Thursday, May 9, 2013

Master and Apprentice: An Introduction to Inuit Style Kayaks with Anders Thygesen

Norweigan forest near Vestfossen
For the next few months, I`ll have a new home in Vestfossen, Norway as I apprentice with Anders Thygesen, builder of traditional Inuit style kayaks from Greenland to the Aleutian Islands off the Alaskan coast. I`ve already spent a week with Anders and it is obvious he is meant to be a mentor and friend to me in many ways. He will teach me to design a build these frame on skin (though now we use canvas) vessels, along with many other traditional ways of making things, by using intuition, experience, and the surroundings as allies.

Kayakspecilisten, our workshop in a renovated church.
The environment of the Inuit is one of ice and large mammals, the seals, caribou and sea lion all providing skins for the kayaks out shell, while sinew and bones from whales and the treasured driftwood composing the frame. While seemingly far from me as I overlook the gorgeous blue waters and forest hills of Norway, that experience radiates from Anders, who has made a seal skin kayak and paddles in various parts of the Arctic.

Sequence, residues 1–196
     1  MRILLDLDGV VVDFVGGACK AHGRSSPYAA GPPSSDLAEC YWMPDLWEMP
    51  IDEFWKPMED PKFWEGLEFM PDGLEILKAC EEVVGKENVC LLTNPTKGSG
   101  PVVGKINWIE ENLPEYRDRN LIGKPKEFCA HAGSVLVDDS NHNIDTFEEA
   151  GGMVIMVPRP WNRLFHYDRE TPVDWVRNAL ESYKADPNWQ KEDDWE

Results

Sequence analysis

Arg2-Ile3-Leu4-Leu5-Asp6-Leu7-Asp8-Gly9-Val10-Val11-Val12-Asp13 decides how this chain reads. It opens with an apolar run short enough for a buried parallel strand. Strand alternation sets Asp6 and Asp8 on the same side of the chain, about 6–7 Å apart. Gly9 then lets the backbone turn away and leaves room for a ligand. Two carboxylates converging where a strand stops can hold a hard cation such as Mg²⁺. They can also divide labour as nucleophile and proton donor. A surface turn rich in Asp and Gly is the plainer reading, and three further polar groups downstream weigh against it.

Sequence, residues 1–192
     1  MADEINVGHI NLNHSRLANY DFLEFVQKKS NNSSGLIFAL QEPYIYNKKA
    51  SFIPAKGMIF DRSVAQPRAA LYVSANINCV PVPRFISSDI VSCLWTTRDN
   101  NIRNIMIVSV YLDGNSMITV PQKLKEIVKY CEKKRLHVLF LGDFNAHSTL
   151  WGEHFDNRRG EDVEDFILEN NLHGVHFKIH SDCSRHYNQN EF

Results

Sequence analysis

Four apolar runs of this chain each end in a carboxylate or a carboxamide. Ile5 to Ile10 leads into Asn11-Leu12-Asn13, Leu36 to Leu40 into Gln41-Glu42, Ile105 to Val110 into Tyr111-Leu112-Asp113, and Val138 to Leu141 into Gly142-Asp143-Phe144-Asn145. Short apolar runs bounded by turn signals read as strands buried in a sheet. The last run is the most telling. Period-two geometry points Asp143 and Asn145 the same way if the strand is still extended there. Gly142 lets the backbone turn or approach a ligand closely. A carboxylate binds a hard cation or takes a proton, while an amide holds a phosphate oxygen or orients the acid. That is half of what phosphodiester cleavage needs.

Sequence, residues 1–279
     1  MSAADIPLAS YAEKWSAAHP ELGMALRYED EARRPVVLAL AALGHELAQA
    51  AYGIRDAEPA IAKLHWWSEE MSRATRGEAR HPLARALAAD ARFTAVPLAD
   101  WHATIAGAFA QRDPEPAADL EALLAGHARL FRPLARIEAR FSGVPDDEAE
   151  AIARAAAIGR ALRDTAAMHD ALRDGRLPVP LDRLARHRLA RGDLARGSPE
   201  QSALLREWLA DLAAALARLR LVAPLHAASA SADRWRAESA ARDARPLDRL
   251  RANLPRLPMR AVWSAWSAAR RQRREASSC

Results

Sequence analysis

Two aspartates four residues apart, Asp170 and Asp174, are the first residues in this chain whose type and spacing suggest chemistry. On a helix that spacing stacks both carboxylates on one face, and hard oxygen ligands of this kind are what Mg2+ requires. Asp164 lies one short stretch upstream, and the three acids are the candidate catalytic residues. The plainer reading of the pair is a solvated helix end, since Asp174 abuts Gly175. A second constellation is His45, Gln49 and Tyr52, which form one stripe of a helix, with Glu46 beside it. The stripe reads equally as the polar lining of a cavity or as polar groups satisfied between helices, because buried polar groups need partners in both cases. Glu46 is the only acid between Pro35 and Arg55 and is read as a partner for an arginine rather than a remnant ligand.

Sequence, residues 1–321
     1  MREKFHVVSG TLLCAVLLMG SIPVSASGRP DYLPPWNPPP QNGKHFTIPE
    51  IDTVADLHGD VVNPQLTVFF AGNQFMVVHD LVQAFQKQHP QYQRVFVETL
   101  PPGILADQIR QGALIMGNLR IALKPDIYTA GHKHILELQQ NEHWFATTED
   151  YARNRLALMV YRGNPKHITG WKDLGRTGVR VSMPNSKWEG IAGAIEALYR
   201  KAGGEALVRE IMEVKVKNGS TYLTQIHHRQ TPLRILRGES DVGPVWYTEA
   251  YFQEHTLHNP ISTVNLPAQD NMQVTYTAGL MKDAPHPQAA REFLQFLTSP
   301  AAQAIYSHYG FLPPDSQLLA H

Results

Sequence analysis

Sticking the cockpit on
We start backwards, by learning to finish kayaks first. Anders taught me to sew on the hatches, for storage, and the cockpit, or manhole where the paddler sits.

Cockpit and hatches on an Aleutian style kayak

Once the cockpits  are on, we paint the canvas, sanding in between some six times, until it is smooth and ready to go on the water. It has been great, waking up in the morning to say hello these new kayaks and give them a fresh coat of paint.

Painting the kayaks
Between time in the workshop I explore the Norweigan hills and have paddled with Anders in the water but meters away. Anders just completed a 3000km journey in his kayak and will teach me to paddle these kayaks as one with the body. The kayaks, built like bones, tendons and skin all together, feel like an extension to oneself.

A sunny Norweigan day
My first few days with Anders fit perfectly. I`m already working on a kayak from scratch (to be continued)  and we are truly in the flow. They are unique vessels, each one with its personality, born from the eye of its maker. We will see what sort of eye I may develop and what adventures are to be had in this intensive time of master and apprentice.

Removing old canvas to repair a kayak

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